'13 Bankers': How Big Are The Biggest Banks? If Derivatives Aren't Counted We Won't Know

We need to have a more accurate grip on just how big our largest financial institutions already are, in order to show how much damage could be caused to the financial system in a crisis.
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One major proposal of 13 Bankers is setting caps on the size of financial institutions, with the goals of preventing the existence of banks that are too big to fail and of eliminating the competitive distortions created by megabanks. We propose that no institution should have assets greater than 4 percent of GDP, with lower limits for institutions with riskier positions, taking into account "derivatives, off-balance-sheet positions, and other factors that increase the damage a failing institution could cause to other financial institutions" (p. 215). Given the nature of the book, however, we did not attempt a detailed discussion of how to take these factors into account in setting size caps. So consider this a continuation of the book.

There are two, related dimensions to this problem. One is that assets, conventionally measured, do not accurately reflect a bank's total exposures (and, similarly, liabilities do not accurately reflect a bank's total obligations). The biggest reasons for these discrepancies are derivatives and off-balance-sheet entities (such as structured investment vehicles). The second dimension is that the systemic importance of a financial institution--the damage it could cause to the system by its failure--depends in part on whom its obligations are owed to; this is the simple meaning of the famous term "interconnectedness."

At a conference at Fordham Law School last month, I proposed a way of thinking about this problem, which I labeled the "blast radius" method. (Think about asteroids hurtling through space trying to figure out how big a hole in the Earth they would cause on impact.) The goal is to measure, for each institution, the potential damage that it could cause to the rest of the financial system.

Traditionally, bank regulation has focused on the asset side of the balance sheet, assessing the relative riskiness of different assets and converting them into "risk-weighted assets," which are then used as the basis for capital requirements. My proposal was similar, but applied to the liability side of the balance sheet: for each class of liability, determine how much investors or counterparties might stand to lose from the institution's failure. Of course, in order to do this assessment, it is necessary to look at both derivatives and off-balance sheet exposures, since they represent money that other institutions might be counting on--and might not get in a crisis.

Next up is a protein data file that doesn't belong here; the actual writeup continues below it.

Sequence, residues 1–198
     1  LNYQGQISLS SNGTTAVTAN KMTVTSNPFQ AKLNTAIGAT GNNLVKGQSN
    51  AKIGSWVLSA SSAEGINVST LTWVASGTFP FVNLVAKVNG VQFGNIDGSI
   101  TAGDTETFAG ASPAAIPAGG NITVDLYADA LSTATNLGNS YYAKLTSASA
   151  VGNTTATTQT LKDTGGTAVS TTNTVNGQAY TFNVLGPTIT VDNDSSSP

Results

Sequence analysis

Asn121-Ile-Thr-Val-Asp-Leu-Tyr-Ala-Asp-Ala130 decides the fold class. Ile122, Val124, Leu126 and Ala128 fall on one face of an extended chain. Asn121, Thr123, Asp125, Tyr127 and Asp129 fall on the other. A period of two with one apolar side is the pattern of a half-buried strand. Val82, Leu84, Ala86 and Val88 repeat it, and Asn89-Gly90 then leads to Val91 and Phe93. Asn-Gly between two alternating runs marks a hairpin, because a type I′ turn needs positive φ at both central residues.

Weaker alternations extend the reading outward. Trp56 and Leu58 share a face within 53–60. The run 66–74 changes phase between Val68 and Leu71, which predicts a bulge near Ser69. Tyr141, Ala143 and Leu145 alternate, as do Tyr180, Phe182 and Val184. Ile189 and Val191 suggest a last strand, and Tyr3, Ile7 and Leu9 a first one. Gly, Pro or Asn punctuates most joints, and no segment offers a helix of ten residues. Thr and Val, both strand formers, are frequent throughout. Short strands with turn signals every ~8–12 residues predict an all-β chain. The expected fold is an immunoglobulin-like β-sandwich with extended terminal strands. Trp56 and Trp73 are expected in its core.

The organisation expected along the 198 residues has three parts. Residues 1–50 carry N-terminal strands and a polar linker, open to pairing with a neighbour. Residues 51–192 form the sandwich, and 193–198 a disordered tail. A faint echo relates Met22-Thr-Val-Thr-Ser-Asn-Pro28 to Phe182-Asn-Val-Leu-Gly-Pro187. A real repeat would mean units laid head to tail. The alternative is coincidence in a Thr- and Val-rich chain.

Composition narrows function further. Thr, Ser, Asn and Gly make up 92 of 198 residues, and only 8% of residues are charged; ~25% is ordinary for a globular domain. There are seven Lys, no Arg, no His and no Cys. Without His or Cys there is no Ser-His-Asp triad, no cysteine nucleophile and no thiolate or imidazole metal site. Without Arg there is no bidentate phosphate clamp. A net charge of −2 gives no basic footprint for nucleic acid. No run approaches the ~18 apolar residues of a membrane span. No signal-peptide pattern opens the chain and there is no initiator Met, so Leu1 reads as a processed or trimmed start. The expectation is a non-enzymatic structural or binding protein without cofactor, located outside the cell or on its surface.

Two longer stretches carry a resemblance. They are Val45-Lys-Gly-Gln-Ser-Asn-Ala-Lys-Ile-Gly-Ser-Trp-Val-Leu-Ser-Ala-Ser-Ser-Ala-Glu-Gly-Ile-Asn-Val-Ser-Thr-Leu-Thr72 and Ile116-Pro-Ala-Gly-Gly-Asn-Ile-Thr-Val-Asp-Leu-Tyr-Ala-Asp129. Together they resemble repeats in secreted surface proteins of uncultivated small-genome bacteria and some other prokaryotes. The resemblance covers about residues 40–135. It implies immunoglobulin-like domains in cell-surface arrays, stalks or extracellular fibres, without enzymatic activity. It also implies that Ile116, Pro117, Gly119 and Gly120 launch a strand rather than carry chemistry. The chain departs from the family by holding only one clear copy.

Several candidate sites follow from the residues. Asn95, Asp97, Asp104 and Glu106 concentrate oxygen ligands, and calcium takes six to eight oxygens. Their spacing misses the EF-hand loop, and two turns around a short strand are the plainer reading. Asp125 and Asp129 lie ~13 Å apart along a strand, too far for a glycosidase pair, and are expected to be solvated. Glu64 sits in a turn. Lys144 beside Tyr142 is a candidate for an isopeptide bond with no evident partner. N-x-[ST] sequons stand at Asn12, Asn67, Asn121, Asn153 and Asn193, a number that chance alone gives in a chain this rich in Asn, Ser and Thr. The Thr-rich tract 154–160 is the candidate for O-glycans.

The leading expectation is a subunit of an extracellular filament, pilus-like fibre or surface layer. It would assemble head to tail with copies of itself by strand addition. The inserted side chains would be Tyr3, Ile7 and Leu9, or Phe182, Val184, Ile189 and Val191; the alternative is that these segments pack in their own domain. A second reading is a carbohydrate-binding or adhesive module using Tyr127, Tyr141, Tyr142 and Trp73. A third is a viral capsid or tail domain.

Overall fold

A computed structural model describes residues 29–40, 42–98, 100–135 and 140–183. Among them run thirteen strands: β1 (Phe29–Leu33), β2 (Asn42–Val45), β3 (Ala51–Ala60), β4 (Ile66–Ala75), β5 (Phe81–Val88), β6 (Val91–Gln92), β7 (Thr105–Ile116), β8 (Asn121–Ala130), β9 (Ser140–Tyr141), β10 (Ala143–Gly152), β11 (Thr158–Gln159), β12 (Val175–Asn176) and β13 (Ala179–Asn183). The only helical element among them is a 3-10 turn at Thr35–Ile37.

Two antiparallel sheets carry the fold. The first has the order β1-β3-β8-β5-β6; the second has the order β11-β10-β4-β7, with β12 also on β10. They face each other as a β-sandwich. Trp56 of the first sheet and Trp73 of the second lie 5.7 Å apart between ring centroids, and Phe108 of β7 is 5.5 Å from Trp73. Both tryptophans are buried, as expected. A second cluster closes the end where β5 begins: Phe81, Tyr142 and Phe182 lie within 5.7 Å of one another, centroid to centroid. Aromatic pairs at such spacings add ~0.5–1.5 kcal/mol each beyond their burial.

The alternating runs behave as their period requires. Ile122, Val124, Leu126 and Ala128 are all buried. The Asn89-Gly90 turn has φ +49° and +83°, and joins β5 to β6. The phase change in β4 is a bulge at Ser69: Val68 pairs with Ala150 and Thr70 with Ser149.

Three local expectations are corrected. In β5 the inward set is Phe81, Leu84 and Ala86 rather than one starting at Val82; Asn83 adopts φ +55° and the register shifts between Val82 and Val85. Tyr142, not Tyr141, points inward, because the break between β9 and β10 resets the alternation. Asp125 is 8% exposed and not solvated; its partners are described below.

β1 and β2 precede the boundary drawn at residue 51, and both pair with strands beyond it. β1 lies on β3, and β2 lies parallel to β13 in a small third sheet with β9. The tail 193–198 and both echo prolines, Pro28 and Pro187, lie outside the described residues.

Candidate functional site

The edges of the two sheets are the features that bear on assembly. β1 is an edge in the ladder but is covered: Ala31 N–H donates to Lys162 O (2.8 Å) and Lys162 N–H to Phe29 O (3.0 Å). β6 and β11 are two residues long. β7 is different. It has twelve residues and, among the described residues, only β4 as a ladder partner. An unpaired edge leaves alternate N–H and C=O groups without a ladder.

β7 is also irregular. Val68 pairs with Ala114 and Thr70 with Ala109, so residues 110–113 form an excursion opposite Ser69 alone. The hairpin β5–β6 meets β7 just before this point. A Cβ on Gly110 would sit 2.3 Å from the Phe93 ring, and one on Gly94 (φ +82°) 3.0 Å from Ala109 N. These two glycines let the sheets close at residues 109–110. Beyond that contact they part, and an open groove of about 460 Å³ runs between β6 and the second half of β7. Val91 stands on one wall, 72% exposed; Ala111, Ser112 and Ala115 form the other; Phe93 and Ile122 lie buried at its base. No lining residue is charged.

In other words, traditional capital requirements attempt to minimize the chance that a bank will fail. The blast radius calculation -- and size caps -- attempt to minimize the chance that a failing bank will cause a mass extinction in the financial system.

Daniel Gros of the Centre for European Policy Studies has a helpful article on this topic at Vox. As it turns out, United States and European banks use different accounting standards when reporting their financial position; U.S. banks use GAAP while European banks use IFRS. These can produce wildly different results. For example, Deutsche Bank's assets are 1.0 trillion euros under GAAP but 2.2 trillion euros under IFRS.

This difference is predominantly caused by different ways of accounting for derivatives; to simplify things, GAAP allows a bank to net its positions against each other (if I have a $100 trade with one counterparty and an opposite $100 trade with another counterparty, that counts as zero assets and zero liabilities), while IFRS doesn't. Gros projects that Goldman Sachs, whose end-2008 balance sheet showed $900 billion in assets, might have had up to $4.6 trillion in assets under IFRS. Instead of a leverage ratio of 15, it would have had a leverage ratio of 72.

What does this mean? For starters, it means that we need to have a more accurate grip on just how big our largest financial institutions already are. Gros says that we need accounting standards that do not allow netting of derivatives, in order to show how much damage could be caused to the financial system in a crisis. We also need to have consistent standards across countries if we are to have any hope of harmonizing financial regulation internationally.

More generally, if we are going to restrict the size of our largest banks, we need to have a measure of size that captures all of their obligations to other institutions, and does so under crisis conditions, when counterparty risk is high. We don't claim to have the final word on how to value every financial position. But this is a tractable problem that smart people can get together to solve. The real question is whether we have the political will to rein in the megabanks.

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